Banner Health Services  

Using EUS to stage esophageal or gastric cancer

Dr. Pitea  

Teodor C. Pitea, MD, is a gastroenterologist and therapeutic endoscopist at Banner Del E. Webb Medical Center.

Question: I have a small cancerous tumor in my esophagus and my doctor is ordering an endoscopic ultrasound to evaluate the tumor. Why is this test useful?

Answer: Endoscopic ultrasound (EUS) accurately predicts the stage of esophageal cancer, allowing your doctor to determine a treatment plan. EUS can also be used to assess other gastrointestinal (GI) cancers, including those in the stomach and rectum.

EUS is performed with an endoscope, which is a thin, flexible tube that has a camera, a light source and an ultrasound probe attached to its tip. The ultrasound provides images of the wall of the digestive tract and surrounding organs like the liver or lymph nodes. In your case, the EUS will capture images of the wall of your esophagus, which has four main layers.

If the cancer is located only in the first layer, called the mucosa, it is highly unlikely it has spread further. In that case, your tumor can actually be removed without surgery using endoscopic mucosal resection, or EMR. The EMR can be performed at the time of EUS to minimize the need for multiple procedures. Both are outpatient procedures that require no special preparation other than an empty stomach.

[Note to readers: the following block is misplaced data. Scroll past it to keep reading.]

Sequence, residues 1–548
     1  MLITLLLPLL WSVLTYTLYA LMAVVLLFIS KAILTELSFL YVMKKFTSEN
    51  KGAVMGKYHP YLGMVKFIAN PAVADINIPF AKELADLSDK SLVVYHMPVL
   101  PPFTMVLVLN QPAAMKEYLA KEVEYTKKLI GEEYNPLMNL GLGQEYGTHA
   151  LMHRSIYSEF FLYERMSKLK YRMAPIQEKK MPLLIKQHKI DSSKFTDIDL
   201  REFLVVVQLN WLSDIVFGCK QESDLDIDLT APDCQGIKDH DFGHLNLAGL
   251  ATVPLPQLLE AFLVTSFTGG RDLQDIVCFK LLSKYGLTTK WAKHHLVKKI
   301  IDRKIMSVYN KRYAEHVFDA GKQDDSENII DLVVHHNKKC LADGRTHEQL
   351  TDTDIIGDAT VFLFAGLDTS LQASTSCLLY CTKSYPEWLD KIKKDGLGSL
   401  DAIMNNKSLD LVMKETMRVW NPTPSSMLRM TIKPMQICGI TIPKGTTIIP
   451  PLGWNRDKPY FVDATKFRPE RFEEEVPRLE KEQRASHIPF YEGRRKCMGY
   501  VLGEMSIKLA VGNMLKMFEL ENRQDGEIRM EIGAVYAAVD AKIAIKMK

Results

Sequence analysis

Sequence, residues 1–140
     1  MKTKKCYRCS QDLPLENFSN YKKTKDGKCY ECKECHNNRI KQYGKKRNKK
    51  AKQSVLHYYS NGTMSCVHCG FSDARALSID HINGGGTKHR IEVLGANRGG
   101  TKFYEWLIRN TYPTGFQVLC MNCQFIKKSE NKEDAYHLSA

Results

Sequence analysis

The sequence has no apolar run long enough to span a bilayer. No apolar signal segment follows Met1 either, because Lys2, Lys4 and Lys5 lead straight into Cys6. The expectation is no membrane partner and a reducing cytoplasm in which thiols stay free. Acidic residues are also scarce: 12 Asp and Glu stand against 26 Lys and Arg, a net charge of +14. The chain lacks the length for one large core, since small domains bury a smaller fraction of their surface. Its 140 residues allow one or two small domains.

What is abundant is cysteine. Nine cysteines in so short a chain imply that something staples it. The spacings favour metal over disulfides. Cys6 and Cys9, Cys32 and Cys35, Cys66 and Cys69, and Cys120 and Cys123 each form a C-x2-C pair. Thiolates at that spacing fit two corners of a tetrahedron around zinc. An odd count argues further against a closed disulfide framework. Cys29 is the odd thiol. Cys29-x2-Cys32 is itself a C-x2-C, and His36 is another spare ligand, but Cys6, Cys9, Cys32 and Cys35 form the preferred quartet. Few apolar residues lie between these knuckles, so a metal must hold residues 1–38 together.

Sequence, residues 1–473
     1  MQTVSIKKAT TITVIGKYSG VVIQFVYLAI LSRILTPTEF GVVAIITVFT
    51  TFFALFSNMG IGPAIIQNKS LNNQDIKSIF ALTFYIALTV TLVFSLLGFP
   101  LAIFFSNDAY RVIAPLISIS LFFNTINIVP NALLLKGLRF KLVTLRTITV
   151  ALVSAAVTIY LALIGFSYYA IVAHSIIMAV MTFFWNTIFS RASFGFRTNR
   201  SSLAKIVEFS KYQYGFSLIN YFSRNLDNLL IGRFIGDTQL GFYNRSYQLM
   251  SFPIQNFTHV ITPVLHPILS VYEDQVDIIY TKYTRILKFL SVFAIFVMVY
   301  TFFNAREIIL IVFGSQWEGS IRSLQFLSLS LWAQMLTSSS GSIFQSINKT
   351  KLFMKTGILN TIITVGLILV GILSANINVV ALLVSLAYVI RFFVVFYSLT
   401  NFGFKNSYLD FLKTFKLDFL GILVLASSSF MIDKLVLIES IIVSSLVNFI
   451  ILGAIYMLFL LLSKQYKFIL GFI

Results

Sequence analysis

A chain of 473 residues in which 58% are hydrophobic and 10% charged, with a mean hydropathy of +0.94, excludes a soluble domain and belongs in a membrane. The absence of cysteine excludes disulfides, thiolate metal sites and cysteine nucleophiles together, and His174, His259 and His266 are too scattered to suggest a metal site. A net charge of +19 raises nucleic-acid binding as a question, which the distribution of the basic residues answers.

If the tumor is found in the deeper layers of the esophageal wall, EMR is not a treatment option. The EUS images will identify suspicious lymph nodes and evaluate additional lesions to determine if the cancer has spread to other organs along the digestive tract. Once the cancer stage is determined, your doctor will recommend a treatment plan, including possible surgery.

Not only is EUS very useful in determining the stage of most GI cancers, the combination of EUS and EMR is the recommended minimally invasive approach for removing small tumors in the digestive tract. EMR of early cancer is particularly helpful for individuals whose age or other health conditions could make surgery risky or complicated.

Page Last Modified: 08/13/2014
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